‘The establishment of a first-class legal team has been a key part of ILP’s strategy,’ said Hilary Strong, ILP CEO, UK and Europe. ‘With Lisa’s breadth of experience in TV, film and theatre and Barbara’s in publishing, ILP has a robust, global legal team to support our rights management and enable the best possible deals for the works we acquire.’

Moves that matter

  • Private equity lawyer and head of Ropes & Gray’s London office, Will Rosen, has joined Bain Capital permanently as its European general counsel for private equity following a 12-month secondment with the firm. Rosen was London managing partner for Ropes on his own since 2020 but was first appointed to co-lead the London office alongside Mike Goetz in 2018. He joined the role in 2011 from a role as head of private equity for EMEA at DLA Piper and earlier spent several years as a partner at Weil.
  • Royal London has announced the appointment of Julie Whitehead as group general counsel. Reporting to the group chief executive officer, Barry O’Dwyer, Whitehead will be a member of the group executive committee and be responsible for providing strategic legal advice to the Royal London Group and leading the in-house legal team. She joins Royal London from AXA where she held a variety of leadership roles, including UK group regulatory and compliance director and senior counsel for AXA UK.
  • After 15 years at Nokia, Esa Niinimäki has been named chief legal officer. Prior to this role he was vice president, deputy chief legal officer and board secretary, where he defined strong governance practices for Nokia. Niinimäki also served as GC of Nokia’s global services business group, head of corporate legal of NSN and senior legal counsel, legal and IP, for the IMEA region. Before joining Nokia he worked as group legal counsel for Metsä Group and as an associate lawyer at White & Case.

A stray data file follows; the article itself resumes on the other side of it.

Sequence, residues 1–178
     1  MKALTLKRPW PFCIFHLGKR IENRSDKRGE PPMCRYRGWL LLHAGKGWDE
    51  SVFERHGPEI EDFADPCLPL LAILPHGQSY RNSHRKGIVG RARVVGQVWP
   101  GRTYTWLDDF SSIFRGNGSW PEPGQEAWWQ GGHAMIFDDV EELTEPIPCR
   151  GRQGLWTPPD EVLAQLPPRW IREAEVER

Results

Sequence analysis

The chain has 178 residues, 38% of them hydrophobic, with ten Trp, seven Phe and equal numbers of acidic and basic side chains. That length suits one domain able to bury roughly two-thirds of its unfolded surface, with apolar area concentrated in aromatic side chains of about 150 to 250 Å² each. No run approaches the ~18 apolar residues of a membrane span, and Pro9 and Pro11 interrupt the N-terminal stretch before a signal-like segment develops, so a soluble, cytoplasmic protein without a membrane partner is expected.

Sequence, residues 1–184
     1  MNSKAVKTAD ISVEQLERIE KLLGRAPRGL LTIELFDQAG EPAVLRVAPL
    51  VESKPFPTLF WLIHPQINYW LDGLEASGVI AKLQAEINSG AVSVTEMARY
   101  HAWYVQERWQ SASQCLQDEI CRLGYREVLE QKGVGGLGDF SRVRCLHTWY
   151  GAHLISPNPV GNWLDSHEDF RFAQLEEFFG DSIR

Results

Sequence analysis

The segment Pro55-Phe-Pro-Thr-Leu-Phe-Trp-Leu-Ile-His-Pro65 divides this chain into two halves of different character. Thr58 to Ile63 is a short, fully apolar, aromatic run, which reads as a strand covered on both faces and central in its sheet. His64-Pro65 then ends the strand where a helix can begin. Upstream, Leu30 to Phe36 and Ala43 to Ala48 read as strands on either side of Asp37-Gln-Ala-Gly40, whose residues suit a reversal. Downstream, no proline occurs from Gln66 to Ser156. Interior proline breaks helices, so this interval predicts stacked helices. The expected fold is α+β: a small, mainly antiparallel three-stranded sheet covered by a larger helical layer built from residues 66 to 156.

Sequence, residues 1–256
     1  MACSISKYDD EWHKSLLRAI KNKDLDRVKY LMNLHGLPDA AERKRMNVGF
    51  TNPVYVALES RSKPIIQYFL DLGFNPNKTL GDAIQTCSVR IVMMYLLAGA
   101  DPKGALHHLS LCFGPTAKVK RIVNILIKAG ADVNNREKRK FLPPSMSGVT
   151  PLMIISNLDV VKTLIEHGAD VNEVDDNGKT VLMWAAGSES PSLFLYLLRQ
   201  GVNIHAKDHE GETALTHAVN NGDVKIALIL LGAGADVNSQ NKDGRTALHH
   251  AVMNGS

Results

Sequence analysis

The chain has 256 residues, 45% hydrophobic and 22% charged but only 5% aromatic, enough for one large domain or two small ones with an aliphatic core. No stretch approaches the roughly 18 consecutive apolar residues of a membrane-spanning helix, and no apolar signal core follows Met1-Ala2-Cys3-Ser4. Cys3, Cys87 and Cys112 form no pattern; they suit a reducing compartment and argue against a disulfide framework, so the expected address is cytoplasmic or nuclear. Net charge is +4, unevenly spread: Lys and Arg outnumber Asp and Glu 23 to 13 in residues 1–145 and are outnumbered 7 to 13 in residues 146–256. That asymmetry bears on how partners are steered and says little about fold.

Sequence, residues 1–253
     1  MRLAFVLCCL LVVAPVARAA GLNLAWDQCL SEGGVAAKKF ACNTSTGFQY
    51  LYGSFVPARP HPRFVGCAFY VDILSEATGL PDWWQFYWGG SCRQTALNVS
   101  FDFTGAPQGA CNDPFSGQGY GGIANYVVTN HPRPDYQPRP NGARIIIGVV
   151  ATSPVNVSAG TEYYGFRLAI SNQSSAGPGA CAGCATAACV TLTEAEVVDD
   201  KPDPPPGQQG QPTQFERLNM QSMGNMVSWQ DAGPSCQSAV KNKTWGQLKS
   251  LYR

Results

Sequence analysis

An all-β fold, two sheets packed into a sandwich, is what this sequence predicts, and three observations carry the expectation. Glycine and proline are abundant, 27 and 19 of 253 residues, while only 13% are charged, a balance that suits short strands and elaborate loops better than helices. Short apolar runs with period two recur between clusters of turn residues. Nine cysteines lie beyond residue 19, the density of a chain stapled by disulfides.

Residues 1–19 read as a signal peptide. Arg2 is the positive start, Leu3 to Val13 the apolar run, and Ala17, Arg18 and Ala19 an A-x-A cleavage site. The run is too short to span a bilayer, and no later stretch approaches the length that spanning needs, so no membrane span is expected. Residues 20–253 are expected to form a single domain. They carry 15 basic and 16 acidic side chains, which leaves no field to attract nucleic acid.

• Andrew Garard, the former group general counsel and company secretary of ITV and GC Powerlist alumnus, has joined FTSE 250 water company Pennon as group GC and CoSec. Prior to joining Pennon, Garard had been group general counsel and director, corporate affairs at Meggitt since September 2019 where he was a member of the group executive and responsible for legal, commercial, trade compliance, government relations, ethics and contract management.
  • London fintech company Hi Group has added a senior finance lawyer Lee Cullinane (pictured) from McGuireWoods as its general counsel. Prior to joining McGuireWoods as a partner in 2019, Cullinane spent almost nine years at White & Case, for most of which he led the firm’s EMEA banking practice, and earlier was a partner at Mayer Brown and Clifford Chance.
  • Highview Power, a long-duration energy storage and essential grid services provider, has appointed Sandra Redding as general counsel. She brings more than 20 years of international experience across a number of corporates in the energy sector. She most recently served as GC for Seadrill and prior to that as GC of Dubai government-owned Dragon Oil. She has also held several in-house legal roles within the RWE, Gaz de France and National Grid groups.